• Artist Polly Apfelbaum in conversation with David Pagel, within Apfelbaum's exhibition Face (Geometry) (Naked) Eyes.

     

O-Tube

About Web Search Engines

Using Search Engines

There is no central index or catalog to the Internet. There are many search engines you can use to find the free information on the World Wide Web.

Parts of a Search Engine

  1. Spider (or Crawler). This is software which visits pages on the Web, reading page titles, body copy and other elements. It learns about new pages by following links. A database with copies of every web page visited by the spider is created at the search engine site.
  2. Index. Like a giant book of all the words in the database with pointers to the web pages that contain those words.
  3. Searching Software. This is software that sifts through the millions of pages recorded in the index to find matches to a search. It ranks them in order of relevancy, based on a formula or algorithm.
  4. Directory. Most search engines now also have directories, a hierarchical menu of sites created by people rather than software.

Although search engines have the basic parts described above, there are differences in how these parts are tuned. That is why the same search on different search engines often produces different results.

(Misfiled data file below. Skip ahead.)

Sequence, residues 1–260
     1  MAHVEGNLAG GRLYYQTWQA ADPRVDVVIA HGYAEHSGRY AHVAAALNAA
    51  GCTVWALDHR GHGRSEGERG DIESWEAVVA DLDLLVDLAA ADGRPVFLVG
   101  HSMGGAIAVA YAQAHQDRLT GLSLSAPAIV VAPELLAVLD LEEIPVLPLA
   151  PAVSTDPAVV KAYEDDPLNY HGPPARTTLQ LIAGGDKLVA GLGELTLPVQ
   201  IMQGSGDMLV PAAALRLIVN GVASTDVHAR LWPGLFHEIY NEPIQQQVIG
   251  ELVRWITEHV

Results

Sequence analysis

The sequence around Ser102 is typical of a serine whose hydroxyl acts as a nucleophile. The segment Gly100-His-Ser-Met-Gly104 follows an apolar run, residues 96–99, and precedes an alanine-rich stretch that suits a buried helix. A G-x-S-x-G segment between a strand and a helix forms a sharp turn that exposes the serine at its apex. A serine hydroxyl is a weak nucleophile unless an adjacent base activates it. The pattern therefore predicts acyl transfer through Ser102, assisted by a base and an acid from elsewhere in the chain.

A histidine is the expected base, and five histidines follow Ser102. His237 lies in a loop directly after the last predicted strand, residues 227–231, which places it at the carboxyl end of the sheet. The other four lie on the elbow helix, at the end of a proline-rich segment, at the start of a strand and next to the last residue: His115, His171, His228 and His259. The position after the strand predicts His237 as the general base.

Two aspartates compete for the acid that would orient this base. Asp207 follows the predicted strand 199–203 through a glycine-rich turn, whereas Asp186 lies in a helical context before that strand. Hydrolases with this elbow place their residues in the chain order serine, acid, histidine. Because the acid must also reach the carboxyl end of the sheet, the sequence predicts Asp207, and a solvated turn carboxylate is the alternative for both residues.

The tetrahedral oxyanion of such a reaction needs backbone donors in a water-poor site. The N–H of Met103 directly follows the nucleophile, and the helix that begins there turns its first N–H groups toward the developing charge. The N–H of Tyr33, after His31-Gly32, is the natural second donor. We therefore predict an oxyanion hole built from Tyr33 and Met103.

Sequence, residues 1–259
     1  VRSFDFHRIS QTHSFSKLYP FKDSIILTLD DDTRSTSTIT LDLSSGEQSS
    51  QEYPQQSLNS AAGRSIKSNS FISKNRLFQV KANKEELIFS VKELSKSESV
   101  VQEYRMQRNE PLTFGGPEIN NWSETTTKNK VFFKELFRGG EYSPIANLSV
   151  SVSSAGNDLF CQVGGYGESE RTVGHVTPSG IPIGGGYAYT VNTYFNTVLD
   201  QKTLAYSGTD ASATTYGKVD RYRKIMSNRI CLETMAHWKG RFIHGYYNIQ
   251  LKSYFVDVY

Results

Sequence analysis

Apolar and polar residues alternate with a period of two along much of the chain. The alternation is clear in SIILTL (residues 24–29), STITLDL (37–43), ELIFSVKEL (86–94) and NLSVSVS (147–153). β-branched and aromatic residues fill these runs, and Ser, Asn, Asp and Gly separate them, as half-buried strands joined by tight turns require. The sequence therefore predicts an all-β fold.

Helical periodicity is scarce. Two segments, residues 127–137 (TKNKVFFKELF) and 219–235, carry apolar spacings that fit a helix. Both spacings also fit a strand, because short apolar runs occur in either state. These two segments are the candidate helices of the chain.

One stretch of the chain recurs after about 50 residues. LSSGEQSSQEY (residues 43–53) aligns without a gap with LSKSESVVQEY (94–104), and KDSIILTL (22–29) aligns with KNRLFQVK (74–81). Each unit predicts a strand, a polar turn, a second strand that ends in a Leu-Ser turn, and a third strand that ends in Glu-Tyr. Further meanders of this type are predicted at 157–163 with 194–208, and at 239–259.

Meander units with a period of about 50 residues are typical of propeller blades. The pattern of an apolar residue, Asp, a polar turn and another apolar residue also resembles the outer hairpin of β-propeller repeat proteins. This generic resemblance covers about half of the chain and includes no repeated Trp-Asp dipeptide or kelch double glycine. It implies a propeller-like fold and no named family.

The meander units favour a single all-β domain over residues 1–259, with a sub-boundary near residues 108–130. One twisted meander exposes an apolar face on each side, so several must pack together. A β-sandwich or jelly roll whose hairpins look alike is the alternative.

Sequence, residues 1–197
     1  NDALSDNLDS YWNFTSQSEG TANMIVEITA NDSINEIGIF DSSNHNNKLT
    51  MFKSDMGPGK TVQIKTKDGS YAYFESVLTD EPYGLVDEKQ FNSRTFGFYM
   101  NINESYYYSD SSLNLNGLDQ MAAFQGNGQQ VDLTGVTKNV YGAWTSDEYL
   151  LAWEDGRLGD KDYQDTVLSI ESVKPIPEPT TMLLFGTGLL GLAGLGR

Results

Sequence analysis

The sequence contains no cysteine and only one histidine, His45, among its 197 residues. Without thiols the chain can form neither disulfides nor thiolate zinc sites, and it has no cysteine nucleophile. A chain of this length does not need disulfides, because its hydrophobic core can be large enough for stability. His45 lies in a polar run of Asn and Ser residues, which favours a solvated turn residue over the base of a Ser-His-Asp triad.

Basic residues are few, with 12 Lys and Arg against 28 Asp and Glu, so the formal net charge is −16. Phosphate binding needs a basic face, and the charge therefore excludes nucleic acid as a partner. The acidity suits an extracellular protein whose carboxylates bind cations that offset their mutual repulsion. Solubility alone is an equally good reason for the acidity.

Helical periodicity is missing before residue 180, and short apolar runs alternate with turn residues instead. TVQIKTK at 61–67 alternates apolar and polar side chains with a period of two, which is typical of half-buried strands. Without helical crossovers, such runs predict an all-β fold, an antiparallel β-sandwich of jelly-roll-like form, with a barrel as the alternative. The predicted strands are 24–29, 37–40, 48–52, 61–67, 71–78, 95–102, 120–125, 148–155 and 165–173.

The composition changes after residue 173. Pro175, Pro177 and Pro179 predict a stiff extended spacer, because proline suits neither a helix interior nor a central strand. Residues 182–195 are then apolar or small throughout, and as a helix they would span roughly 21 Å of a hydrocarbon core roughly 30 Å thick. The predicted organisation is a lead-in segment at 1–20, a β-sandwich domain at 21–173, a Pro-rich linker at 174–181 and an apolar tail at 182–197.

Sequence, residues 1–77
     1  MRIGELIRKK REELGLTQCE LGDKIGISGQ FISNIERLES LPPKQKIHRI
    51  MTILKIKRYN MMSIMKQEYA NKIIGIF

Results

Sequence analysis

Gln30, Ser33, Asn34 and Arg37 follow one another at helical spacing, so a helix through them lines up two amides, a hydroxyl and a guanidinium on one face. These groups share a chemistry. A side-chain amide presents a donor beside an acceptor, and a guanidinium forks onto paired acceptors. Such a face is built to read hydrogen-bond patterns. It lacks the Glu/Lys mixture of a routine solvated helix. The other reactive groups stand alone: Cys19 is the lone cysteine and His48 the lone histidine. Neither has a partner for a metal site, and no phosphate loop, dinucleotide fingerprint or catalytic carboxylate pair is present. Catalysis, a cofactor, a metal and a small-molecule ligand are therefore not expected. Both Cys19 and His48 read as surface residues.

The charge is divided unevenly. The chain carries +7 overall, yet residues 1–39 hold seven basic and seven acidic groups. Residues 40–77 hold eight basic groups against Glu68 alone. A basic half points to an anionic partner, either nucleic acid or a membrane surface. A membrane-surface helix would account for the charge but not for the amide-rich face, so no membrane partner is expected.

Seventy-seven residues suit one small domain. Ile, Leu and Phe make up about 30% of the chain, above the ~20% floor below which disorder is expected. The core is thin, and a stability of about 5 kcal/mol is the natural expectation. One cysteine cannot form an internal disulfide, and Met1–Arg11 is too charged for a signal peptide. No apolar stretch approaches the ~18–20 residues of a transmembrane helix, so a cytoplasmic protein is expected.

Tips for Effective Searching:

The trick for getting what you want from a search engine is to give the search engine as much detail as you can about the topic. Instead of typing a single word into the engine, type a phrase or series of words which are specific to the topic. For instance, to find out more about searching for information on the Internet, enter "searching the Internet" instead of "search." There are many ways to control your search. You will increase your search effectiveness by practicing using only one or two search engines until you have learned all the features and the type of information found through it. Information on features of each search engine can be found in the "help" or "search tips" sections.

Special Search Features (Syntax):

  • Phrase searching. Often putting the words of a phrase in quotes will cause the engine to look only for those words together:
    "chocolate cake"
  • You can often use Boolean operators to refine your search.
    • Plus sign. If you by putting a + in front of each word that you want to require the engine to find in a document:
      +recipe +chocolate +frosting will return chocolate frosting recipes
    • Minus sign. Put a - in front of words which must not be found in any listed documents:
      +chocolate -nuts will return documents about chocolate, but not nuts
    • Asterisk. If a word can have many endings, put an * to represent those possibilities:
      photo* will find photograph, photos, photography, photographic, etc.

Besides the Help screens of individual Web Search Tools, try this site: Search Engine Watch